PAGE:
Sony has developed an OLED display that's just 80 microns thick, allowing to be bent round anything with a radius of 4mm or more - and to continue to show moving images while this is happening.
The prototype panel is just 4.1in across, with a 432 x 240 resolution and show hues from 24-bit, 16.8m-colour palette. It has a 1000:1 contrast ratio and a brightness of 100cd/m2.
Can't see the video? Download Flash Player from Adobe.com
Sony said the material may one day form the basis for flexible displays and e-paper.
The OLED is made using organic semiconductor compound peri-Xanthenoxanthene (PXX) formed into thin-film transistors. PXX is stable under exposure to oxygen, moisture, light and heat, Sony said, though it didn't state what kind of longevity the OLED panel has.
Current OLEDs eventually fade, particularly in the blue part of the colour gamut.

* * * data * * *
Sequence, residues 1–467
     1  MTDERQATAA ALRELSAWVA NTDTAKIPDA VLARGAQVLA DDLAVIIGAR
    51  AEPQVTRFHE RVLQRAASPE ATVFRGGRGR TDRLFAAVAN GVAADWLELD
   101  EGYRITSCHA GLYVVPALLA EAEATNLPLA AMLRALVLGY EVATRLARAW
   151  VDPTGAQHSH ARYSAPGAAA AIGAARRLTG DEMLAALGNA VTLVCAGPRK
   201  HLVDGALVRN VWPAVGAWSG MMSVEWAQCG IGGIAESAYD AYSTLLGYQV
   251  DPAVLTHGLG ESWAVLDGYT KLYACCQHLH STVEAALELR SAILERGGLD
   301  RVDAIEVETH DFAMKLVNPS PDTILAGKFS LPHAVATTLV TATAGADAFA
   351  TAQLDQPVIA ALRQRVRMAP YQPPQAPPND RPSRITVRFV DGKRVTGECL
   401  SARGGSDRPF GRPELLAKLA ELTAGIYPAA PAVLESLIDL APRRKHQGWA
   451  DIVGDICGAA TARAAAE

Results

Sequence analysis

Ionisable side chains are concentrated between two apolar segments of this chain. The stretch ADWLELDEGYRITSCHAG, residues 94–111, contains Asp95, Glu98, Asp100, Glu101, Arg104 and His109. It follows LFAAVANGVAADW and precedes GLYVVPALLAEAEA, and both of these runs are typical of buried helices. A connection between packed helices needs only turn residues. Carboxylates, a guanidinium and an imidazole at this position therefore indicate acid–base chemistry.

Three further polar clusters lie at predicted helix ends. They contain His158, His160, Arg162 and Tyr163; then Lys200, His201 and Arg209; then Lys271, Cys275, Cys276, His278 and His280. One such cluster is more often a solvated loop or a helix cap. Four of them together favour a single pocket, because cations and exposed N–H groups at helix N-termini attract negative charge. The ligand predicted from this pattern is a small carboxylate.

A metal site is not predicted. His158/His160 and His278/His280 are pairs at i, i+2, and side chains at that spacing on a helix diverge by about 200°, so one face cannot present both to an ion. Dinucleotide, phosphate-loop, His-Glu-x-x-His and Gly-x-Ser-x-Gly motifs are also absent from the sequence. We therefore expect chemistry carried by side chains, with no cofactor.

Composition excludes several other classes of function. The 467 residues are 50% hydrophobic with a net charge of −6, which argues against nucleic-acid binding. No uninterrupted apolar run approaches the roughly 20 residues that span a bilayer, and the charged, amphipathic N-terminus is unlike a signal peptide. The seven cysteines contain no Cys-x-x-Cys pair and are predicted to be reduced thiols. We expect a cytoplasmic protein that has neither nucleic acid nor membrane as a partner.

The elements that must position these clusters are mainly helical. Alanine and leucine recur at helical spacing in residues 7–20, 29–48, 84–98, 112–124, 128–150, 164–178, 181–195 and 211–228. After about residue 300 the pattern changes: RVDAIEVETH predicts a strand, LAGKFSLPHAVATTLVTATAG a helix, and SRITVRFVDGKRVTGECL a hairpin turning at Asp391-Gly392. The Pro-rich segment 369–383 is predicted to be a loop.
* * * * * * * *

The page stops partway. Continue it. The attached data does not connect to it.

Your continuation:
Indeed, Sony admitted that it needs to improve the reliability and performance of the display, though it claimed that even after 1000 cycles of repeatedly rolling-up and stretching the display, there was no clear degradation in the display's ability to reproduce moving images.
It also said it is working on a way of printing the panels, laying down components from organic semiconductor compounds "dissolved in common solvents". This, it believes, will make for a manufacturing process that is more environmentally friendly than is the production of silicon chips. ®